Iran in worst days of sanctions: Rouhani 

December 31, 2019 - 21:8

TEHRAN - Iranian President Hassan Rouhani said on Tuesday that the country is passing “the worst days” of sanctions imposed by the U.S., praising the people for their resistance and patience. 

Addressing a ceremony arranged to inaugurate subway train in the western part of Alborz province, Rouhani hailed people for their firm stance and resistance in hard days of sanctions.

Pointing to the consequences of sanctions on the country, he said, “If we were not engaged in an imposed-economic war, we could enjoy a sum of $200 billion out of which $100 billion was income of crude export. Now we do not have that hefty amount of money.”

“We are managing the country without that $200 billion income. People are not living comfortably, however, we (the government) try as much as we can,” he went on to say. 

Elsewhere in his remarks, Rouhani said, “People should expect the government to understand (the problems), to draft required plan (to solve the problem) and try (to implement its plan) as much as it can. If the government does not manage to do its duty it should be criticized.”

Noting that no ruler or government in the world will last long, the president said, “The only issue that will remain forever is rendering services to the people.”

Earlier this month, Rouhani said that Iran was resisting sanctions but his country had not closed the door to negotiations.

“We have no way but resistance against sanctions, however, we have not closed door of negotiations,” Rouhani said during a speech at the Insurance and Development Conference.
The president said if the sanctions against Iran were lifted, he would be ready to meet the leaders of the countries party to the 2015 nuclear deal.
“If they remove sanctions, we are prepared for talks at the level of 5+1 group’s heads of states,” Rouhani remarked.

The nuclear deal was signed between Iran and the 5+1 group (the five permanent members of the UN Security Council) plus Germany in July 2015.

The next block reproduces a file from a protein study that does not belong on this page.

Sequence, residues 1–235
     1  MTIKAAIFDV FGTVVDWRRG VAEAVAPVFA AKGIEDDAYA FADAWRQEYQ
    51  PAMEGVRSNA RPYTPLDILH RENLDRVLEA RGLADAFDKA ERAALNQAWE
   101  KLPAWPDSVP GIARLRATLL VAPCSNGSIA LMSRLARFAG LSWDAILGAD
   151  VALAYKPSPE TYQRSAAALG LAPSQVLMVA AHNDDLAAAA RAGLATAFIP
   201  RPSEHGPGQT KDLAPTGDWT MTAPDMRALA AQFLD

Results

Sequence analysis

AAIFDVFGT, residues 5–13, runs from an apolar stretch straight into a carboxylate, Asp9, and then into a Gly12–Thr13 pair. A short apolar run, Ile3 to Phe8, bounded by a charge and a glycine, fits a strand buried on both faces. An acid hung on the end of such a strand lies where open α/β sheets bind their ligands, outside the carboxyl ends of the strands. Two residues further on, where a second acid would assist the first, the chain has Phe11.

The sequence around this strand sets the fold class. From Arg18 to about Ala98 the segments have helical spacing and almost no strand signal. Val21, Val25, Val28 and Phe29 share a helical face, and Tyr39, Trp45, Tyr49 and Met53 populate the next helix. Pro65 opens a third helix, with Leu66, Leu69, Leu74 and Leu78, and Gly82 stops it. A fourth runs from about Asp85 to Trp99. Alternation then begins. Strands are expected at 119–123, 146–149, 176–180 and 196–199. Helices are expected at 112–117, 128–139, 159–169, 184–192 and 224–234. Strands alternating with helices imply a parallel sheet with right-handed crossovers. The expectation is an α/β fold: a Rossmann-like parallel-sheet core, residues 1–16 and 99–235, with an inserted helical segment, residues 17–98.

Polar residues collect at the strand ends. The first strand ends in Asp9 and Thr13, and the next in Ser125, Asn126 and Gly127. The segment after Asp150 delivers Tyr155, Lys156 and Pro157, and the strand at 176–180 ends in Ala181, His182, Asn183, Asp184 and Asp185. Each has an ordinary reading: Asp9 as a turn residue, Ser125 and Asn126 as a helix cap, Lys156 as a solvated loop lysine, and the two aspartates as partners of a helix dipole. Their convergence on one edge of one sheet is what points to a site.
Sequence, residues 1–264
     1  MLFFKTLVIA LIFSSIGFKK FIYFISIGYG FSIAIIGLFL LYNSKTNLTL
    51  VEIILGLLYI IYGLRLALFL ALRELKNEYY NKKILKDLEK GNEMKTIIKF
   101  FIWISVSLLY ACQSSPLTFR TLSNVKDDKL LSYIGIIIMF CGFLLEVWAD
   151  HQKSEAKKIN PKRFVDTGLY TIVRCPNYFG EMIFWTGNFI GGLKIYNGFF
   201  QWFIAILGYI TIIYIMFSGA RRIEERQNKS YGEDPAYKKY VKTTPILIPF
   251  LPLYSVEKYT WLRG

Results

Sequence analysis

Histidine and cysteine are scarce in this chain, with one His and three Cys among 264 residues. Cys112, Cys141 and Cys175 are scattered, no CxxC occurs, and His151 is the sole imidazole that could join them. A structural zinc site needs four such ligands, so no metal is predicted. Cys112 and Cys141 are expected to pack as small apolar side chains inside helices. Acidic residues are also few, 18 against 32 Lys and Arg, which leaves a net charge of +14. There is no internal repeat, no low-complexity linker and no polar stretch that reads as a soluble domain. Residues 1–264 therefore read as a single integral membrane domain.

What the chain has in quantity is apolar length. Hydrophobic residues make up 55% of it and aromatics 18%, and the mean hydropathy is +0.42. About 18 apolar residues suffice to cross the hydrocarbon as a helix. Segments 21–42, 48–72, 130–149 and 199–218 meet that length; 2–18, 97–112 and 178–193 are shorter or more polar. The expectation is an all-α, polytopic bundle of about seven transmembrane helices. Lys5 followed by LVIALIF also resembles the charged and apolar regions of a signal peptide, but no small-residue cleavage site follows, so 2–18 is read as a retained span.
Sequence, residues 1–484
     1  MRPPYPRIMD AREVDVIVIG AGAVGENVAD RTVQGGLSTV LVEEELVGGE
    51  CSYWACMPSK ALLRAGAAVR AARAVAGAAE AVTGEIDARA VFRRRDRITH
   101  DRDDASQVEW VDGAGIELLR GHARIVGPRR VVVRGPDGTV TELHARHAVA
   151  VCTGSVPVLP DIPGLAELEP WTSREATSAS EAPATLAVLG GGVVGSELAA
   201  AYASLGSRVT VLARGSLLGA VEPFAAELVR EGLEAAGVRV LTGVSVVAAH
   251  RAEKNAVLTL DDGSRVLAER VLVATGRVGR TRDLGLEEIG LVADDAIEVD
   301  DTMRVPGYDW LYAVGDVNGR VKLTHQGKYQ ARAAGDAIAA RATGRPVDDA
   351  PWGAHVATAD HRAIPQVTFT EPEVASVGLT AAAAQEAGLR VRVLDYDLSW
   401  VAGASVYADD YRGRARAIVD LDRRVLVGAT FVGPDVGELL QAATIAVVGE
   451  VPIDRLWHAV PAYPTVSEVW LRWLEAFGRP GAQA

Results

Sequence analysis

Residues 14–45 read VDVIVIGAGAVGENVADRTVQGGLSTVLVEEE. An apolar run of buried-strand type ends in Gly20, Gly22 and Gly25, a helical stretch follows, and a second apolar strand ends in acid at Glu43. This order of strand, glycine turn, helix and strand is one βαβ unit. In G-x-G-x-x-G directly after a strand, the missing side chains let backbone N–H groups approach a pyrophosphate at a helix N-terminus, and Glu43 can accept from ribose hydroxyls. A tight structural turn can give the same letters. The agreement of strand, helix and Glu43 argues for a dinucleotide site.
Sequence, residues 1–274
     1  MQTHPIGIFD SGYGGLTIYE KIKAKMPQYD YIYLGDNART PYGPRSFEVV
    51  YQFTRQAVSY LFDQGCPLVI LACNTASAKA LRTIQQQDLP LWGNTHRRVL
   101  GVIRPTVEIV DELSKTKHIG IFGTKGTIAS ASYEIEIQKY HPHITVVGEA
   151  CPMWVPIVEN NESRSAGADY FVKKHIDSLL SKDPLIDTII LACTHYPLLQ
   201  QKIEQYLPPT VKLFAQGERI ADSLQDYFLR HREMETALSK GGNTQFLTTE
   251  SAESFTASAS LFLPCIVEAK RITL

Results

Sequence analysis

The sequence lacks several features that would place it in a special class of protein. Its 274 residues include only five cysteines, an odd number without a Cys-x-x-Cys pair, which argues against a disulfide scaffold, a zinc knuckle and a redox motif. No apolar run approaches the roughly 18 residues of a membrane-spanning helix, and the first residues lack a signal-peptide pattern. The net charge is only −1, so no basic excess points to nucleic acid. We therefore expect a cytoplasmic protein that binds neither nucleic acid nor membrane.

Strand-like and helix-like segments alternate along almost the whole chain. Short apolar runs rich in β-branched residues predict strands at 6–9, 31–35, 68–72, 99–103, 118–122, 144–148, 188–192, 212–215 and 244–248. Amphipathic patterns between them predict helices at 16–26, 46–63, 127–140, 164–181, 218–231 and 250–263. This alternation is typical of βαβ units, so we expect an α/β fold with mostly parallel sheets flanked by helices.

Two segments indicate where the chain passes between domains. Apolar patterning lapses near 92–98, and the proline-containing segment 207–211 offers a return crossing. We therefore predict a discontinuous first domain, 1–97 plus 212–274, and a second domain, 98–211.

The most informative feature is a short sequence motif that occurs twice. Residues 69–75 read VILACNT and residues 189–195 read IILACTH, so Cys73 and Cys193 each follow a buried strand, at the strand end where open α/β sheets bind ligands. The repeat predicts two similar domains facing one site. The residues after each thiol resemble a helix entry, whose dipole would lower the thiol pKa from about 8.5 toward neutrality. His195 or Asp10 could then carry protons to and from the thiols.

Under the agreement, officially known as the Joint Comprehensive Plan of Action (JCPOA) and confirmed by the UN Security Council Resolution 2231, Iran was obligated to put limits on its nuclear program in exchange for the termination of the economic and financial sanctions.

However, Donald Trump, a presidential candidate favored by hawks in the U.S. and Israel, started harsh attacks against the JCPOA, vowing to tear it up if elected president.  

Finally, in May 2018, he officially abandoned the JCPOA and introduced the harshest ever sanctions in history against Iran. 

The Trump administration not only returned the previous sanctions lifted under the nuclear deal it added new ones, including a total ban on Iran’s oil exports.

Trump’s administration has even threatened to penalize any country or company that does business with Iran. 

In response to the abrogation of the JCPOA by the U.S. and a failure by the remaining parties, particularly the Europeans, to protect Iran’s economy from the sanctions' effects, Iran has started to partially reduce its commitments to the JCPOA in accordance to the paragraph 36 of the multilateral agreement.
(Paragraph 36 provided a mechanism to resolve disputes and allows one side, under certain circumstances, to stop complying with the deal if the other side is out of compliance.)

Iran started to scale down its commitments after waiting for a full year that the remaining parties honor their obligations.
However, Tehran has insisted if sanctions are lifted it will immediately reverse its decisions.


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